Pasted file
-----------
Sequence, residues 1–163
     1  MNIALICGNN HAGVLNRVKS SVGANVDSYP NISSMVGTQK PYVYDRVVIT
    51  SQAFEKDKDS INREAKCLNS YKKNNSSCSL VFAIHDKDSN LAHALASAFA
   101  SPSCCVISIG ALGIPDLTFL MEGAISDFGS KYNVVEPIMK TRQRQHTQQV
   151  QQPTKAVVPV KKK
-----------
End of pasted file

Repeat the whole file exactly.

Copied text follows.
Sequence, residues 1–163
     1  MNIALICGNN HAGVLNRVKS SVGANVDSYP NISSMVGTQK PYVYDRVVIT
    51  SQAFEKDKDS INREAKCLNS YKKNNSSCSL VFAIHDKDSN LAHALASAFA
   101  SPSCCVISIG ALGIPDLTFL MEGAISDFGS KYNVVEPIMK TRQRQHTQQV
   151  QQPTKAVVPV KKK